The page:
Yep - I really really {heart} the little zipper pull
made from twill tape with ABC's.

Look inside the dumpling...the lining matches Mama Berry!

If you ever have a chance to participate 
in a swap, you should do it.  
Handmade surprises are sew special!

Just because I'm proving it's my favorite detail,
I'll close with one more look at that little zipper pull.

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October 17, 2013

Skinny Pinny for October Across The Pond Sew Along

The Skinny Pincushion is this month's
and I was really grateful to Susie of Susie's Sunroom
for picking something that is so quick to make,
fun to create, and useful!

{The free tutorial can be found here from Green Bee Designs.}

These are Susie's skinny pinnies!  Photo from Susie's Sunroom
Want to see mine?
I was tempted to use the Panoramic setting
on my camera, to capture it in its entirety.

I'll just show you some close-ups, in stages, instead.

I started out with a favorite Lakehouse button print. 

 For the main body, I used the text print
from Sweetwater's "Mama Said Sew" line.
I was "saving" this sewing print for something special,
and it does make a killer pincushion!

All the way down at the other end,
I used the red and black ricrac from
the same Mama Said Sew line.

Here it is, all in one photo!

When I made my skinny pinny,
I pieced together the fabrics for the top,
to measure about 3" x 15".
I cut a piece of the button print for the bottom
that also measured 3" x 15".
I fused some Pellon ShapeFlex SF101 interfacing
to the wrong sides of the top and bottom,
for some support.

I stitched the pieces wrong-sides-together,
leaving about a 5" opening in the center of the long side 
that would become the top of the pincushion.
My finished pinny is about 2 1/2" x 14 1/2".

Here's a trick I always use when I have to leave
an opening for turning and/or stuffing:
I stitch from the edge of the project,
straight over to the start of the seam, backstitching,
on each side of the opening.

{It's easier to show you than it is to describe it.}

Here's another tip:
after turning the pincushion right sides out,
I always give it a really good pressing,
to smooth it before stuffing.

{Now's the time to add a cute label, too, if you've got one.}

Susie and many other pincushion aficionados
swear by crushed walnut shells,
for stuffing their pinnies.
I'm allergic to walnuts myself,
so I just used plenty of polyfil to plump up mine...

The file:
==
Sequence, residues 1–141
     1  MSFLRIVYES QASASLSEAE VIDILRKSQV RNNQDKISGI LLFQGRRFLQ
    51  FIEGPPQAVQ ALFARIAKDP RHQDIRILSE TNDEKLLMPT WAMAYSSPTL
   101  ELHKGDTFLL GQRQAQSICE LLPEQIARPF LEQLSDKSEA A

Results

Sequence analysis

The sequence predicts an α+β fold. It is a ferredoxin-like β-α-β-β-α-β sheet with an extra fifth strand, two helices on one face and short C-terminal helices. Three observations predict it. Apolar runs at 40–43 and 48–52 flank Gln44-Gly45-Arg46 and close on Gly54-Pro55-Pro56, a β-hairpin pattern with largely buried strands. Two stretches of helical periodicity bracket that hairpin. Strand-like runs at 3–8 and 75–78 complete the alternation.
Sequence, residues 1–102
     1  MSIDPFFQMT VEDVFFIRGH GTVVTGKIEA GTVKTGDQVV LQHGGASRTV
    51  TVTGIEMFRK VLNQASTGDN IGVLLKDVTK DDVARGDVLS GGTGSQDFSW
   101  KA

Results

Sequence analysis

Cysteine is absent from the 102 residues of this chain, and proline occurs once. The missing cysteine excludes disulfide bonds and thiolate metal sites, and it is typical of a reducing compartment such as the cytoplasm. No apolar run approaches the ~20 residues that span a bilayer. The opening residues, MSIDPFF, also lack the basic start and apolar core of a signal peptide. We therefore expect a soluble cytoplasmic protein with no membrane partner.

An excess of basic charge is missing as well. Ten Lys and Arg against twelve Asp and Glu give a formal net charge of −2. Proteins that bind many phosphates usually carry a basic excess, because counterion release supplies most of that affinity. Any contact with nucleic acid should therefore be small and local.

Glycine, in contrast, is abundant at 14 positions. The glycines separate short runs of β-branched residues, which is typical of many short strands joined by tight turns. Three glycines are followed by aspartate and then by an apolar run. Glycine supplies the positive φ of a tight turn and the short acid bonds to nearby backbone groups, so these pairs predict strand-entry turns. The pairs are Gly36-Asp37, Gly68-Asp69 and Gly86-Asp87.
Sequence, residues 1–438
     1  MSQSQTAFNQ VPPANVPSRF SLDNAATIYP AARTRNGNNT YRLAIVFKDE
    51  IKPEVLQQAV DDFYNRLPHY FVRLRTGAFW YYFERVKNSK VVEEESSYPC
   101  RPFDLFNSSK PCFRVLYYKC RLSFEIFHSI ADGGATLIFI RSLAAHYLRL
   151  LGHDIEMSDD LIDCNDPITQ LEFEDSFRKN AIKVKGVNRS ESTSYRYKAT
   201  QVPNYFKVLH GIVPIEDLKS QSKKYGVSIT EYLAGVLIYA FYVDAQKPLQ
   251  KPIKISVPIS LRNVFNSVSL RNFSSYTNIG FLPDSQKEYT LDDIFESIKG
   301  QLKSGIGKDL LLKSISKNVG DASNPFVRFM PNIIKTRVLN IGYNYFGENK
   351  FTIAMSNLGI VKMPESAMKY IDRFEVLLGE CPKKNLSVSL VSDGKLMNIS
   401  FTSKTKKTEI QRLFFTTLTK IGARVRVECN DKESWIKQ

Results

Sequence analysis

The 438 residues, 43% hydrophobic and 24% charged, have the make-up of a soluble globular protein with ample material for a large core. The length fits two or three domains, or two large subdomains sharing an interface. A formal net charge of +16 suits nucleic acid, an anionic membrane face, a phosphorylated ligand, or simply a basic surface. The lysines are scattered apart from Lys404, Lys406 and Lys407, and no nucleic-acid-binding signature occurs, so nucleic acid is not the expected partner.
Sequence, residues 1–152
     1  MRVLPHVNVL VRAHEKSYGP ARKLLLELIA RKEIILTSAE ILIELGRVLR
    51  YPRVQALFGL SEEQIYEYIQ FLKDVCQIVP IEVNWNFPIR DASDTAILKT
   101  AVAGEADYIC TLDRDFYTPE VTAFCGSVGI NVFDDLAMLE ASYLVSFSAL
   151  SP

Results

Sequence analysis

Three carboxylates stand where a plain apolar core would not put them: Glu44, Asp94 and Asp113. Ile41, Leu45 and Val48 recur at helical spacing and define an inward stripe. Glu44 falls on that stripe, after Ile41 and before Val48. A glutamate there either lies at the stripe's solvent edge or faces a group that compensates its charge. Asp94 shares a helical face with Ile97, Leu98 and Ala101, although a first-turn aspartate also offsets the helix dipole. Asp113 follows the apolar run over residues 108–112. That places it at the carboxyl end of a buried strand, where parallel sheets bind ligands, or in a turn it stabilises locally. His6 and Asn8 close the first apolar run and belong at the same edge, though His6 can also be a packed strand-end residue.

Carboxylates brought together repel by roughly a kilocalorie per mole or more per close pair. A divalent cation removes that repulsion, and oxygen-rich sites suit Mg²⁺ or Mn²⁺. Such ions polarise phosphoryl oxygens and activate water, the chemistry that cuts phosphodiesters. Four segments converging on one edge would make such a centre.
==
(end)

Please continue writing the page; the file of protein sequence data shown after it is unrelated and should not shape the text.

just a bit.

{It's still skinny!}

Once it was stuffed, I hand-stitched the opening closed.
Now you know why I chose to make my opening
at the top of the pincushion,
where it will rarely be seen.


Just for a bit of jazz, 
I added a piece of black ricrac to my skinny pinny.
I just pinned it between the top and bottom layers,
along a seam, before I stitched them together.
The ricrac is actually not stitched down,
except at the seams.
I'm hoping to find a nice new pair of scissors
that can be slipped under the ricrac when I'm not using them.

I've already enjoyed using
this little gem, and it's loaded up with many more pins
than I've shown in this photo.

From both sides of The Pond,
we hope you'll share photos
in our Flickr group, if you find  few minutes to make
your own Skinny Pincushion!

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October 9, 2013

Prettified Pincushion

This week marks the grand finale
of the Patchwork Please Zakka 2.0 Sew Along.
Debbie from A Quilter's Table
has done a magnificent job of
hosting the last half of the sew along!

They say you can't judge a book by its cover,
but as soon as I saw those Prettified Pincushions
on the front of the book,
I knew I wanted to have a copy!

For my version,
I chose lots of sunny yellow prints
from my fabric stash.
I used linen, to mimic the samples in the book.

There is just something about the texture
of the linen, paired with
smooth quilting cottons...so touchable.

The neutral linen also serves
as a calming backdrop,
enhancing the brightness of the yellows...
so exciting!

I made my pincushion quite a while ago,
but I remembered to make some notes about
my progress,
for my "likes" and "dislikes" section.

Dislikes are always first...
If you haven't made your {first}
prettified pincushion already,
make sure you add a 1/2" for the seam allowance
{1/4" on each side}
to your template piece!!!

{This is just sooooo important. The finished pieced block will be 2 1/2" square.} 

The instructions don't say when to remove
the paper from the block.
I recommend waiting until all of the 4 blocks
have been stitched together.

One more criticism I have is regarding the 
size recommendations for the scraps
used in the paper piecing.
I am stone serious when I say that
I wrote in my journal,
"You will CRY, unless you cut the pieces LARGER
than the book recommends!"

I used pieces at least this size:
4 Prints: 2 1/2" x 3"
Background Linen:  (4) 1 1/4" x 2"
(4) 2 1/2" x 2 1/2"
(8) 1 3/4" x 2 3/4"

And now for my "likes"...

I really enjoy paper-piecing once in a while,
and this was really a rewarding project
to make with that technique.
I think it would be a great project
to make, even if you've never tried it before.

Another great thing about making this project
is that you end up with a
very functional and stylish item.
The size is just right,
and it is the perfect way to explain
what is meant by "zakka".

My greatest "like" is the finished result.
I mean...just look at how CUTE it is!
The covered button adds so much charm!

{And I'm not just talking about MINE...I haven't seen one I didn't love,
as they have popped up all over the internet and blogland.}

If you've got this book,
I guarantee you will be happy
with the pincushion you prettify
from this design.

 I think I'm going to have to prettify some more pincushions!